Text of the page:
Successful applicants for the Government Economic Service Degree Apprenticeship Programme (GES-DAP) will study for a degree whilst working in one of various departments.
This move is part of the continuing drive by the civil service to increase diversity and open opportunities to a wider range of candidates. Some progress has been made in this area, bringing the civil service closer to its aim of becoming the most inclusive employer in Britain by 2020; however, there is still room for improvement. Whilst recent figures show that women make up 53.9 per cent of the civil service, there is still a median gender pay gap of 13.7 per cent.
People aged 17 or older from all backgrounds can apply; if successful, they will be offered a generous starting salary of over £20,000 (£22,000 in London). There are expected to be about 75 new positions, which will start from Autumn 2019 in central government departments and agencies at locations including London, Manchester, Bristol, Leeds, Newcastle and Sheffield. The Government Economic Service Degree Apprenticeship Programme will have entry requirements of a minimum grade B (6) in GCSE maths and at least 96 UCAS points, which is equivalent to CCC at A level or MMM/DD BTEC.
The role of an economist is vital in government; in addition, the skills are transferable into other sectors. In this apprenticeship, successful starters will join the Government Economic Service working for one of HM Treasury; Department for Business, Energy and Industrial Strategy; Department for Environment, Food and Rural Affairs; Department for Work and Pensions; and Department for Education. Economists can work on a wide variety of projects within these areas, including advising ministers, evaluating and analysing data, and informing policy decisions.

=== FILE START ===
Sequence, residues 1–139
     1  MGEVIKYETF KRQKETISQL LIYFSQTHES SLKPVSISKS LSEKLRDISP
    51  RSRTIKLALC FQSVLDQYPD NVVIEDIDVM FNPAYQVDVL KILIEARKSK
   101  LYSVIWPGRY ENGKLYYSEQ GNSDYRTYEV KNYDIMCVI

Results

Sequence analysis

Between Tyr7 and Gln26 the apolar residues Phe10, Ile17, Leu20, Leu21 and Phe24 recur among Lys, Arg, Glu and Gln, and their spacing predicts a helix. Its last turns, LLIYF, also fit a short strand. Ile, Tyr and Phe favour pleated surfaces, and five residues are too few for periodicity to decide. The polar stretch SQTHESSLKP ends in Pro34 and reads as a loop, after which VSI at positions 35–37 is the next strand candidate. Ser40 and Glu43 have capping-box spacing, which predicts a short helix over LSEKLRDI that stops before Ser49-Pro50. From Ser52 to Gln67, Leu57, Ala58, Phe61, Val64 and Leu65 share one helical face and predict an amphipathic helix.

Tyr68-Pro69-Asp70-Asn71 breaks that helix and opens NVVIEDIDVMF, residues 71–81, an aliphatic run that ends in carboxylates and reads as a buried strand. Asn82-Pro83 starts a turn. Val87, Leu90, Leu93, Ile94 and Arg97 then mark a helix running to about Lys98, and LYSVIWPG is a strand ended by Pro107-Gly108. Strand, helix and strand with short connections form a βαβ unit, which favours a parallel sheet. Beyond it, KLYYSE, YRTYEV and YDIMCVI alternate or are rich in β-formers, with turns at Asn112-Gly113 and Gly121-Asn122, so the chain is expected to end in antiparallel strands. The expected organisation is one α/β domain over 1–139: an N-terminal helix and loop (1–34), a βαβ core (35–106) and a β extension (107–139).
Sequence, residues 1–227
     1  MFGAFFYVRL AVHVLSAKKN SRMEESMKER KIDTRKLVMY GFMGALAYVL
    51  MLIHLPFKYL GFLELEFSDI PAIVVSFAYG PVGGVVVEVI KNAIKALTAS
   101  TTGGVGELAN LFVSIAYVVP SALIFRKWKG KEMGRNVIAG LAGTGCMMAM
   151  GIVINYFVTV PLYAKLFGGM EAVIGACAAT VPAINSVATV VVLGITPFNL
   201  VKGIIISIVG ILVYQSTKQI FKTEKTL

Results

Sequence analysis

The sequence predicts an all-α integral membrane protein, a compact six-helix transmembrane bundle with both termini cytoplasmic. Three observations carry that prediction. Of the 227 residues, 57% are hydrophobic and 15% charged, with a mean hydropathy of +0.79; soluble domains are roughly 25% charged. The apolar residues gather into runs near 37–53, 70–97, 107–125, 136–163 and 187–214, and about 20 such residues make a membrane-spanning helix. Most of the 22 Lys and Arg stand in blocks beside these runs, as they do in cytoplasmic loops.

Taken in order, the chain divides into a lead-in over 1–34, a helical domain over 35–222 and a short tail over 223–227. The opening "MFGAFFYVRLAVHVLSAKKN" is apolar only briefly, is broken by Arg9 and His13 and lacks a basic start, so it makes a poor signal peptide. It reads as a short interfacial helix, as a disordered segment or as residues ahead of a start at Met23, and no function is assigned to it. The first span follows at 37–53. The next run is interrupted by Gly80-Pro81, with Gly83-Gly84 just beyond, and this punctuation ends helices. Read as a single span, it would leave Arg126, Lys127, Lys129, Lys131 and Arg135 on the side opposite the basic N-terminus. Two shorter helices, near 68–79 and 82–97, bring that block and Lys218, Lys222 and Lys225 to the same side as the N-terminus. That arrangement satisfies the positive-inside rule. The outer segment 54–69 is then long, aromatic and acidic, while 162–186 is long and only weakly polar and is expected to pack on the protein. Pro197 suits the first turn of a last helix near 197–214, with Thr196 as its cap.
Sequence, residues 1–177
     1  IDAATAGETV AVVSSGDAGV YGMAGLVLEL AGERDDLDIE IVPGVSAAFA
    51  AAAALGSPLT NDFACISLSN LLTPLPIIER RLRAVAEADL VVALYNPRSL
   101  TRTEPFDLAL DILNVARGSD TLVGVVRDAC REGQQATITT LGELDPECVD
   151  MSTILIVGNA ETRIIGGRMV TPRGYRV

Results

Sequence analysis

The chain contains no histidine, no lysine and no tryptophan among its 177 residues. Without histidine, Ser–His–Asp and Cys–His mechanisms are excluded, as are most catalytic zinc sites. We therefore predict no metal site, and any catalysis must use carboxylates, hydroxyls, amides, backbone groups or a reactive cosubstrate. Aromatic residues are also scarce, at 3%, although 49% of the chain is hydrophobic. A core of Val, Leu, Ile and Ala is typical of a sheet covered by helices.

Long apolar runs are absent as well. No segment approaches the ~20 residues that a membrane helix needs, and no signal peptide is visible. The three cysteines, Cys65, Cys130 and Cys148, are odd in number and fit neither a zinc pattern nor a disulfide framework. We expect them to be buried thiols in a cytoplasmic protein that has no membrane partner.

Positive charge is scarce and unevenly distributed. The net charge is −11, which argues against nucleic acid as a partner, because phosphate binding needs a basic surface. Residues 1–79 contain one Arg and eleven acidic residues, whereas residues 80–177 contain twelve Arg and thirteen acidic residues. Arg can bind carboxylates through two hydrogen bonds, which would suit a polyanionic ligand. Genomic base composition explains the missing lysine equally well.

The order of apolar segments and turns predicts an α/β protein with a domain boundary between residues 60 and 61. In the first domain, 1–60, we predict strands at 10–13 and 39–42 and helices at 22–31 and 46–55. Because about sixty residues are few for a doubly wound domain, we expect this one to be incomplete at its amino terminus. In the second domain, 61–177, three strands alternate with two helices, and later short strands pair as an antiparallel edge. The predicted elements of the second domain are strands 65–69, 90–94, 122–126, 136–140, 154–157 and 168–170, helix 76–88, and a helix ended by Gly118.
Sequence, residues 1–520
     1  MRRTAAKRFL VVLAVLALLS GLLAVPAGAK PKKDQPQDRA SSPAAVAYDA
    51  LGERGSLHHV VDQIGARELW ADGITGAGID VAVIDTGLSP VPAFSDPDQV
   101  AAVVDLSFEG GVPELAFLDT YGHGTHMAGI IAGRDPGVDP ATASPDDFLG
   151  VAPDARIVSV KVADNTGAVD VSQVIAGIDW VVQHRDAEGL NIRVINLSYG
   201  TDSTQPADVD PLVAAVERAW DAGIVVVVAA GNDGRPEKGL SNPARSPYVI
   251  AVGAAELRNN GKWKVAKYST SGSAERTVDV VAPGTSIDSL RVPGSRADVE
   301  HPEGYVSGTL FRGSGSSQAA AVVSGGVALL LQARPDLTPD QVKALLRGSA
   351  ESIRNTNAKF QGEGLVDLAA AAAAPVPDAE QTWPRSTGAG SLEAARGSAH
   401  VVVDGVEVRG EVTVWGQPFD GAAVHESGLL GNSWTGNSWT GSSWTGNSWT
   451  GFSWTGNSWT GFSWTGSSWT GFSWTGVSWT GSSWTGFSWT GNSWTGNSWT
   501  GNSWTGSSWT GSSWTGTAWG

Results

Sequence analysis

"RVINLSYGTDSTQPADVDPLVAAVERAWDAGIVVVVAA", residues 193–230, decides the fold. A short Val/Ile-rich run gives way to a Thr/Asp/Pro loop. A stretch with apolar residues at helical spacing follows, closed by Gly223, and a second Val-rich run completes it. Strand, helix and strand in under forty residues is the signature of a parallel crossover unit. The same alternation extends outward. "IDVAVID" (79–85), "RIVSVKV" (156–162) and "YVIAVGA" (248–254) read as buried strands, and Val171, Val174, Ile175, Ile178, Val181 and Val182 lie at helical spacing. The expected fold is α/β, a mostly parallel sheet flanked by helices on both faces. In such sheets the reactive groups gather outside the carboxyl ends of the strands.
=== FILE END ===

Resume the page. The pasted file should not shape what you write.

The GES-DAP is based on the apprenticeship standard developed by a group of economist employers, such as the Bank of England and the Treasury, alongside third sector organisations and some consultancies. After completing the programme, apprentices will have an economics degree, a level 6 apprenticeship, and the significant benefit of four years’ on-the-job experience.
The chancellor of the exchequer, Philip Hammond, welcomed the new apprenticeship and spoke of how he wants young people with the right characteristics to be able to access the opportunities to succeed in this area. The new scheme was also praised by Anne Milton, the apprenticeships and skills minister.
This latest programme may go some way to redressing the significant drop in the number of people commencing apprenticeships after the introduction of the apprenticeship levy in April 2017. Figures show that there were just 290,500 new apprentice starters for the first three quarters of the 2017-18 academic year, compared with 440,300 in the same period in the previous academic year.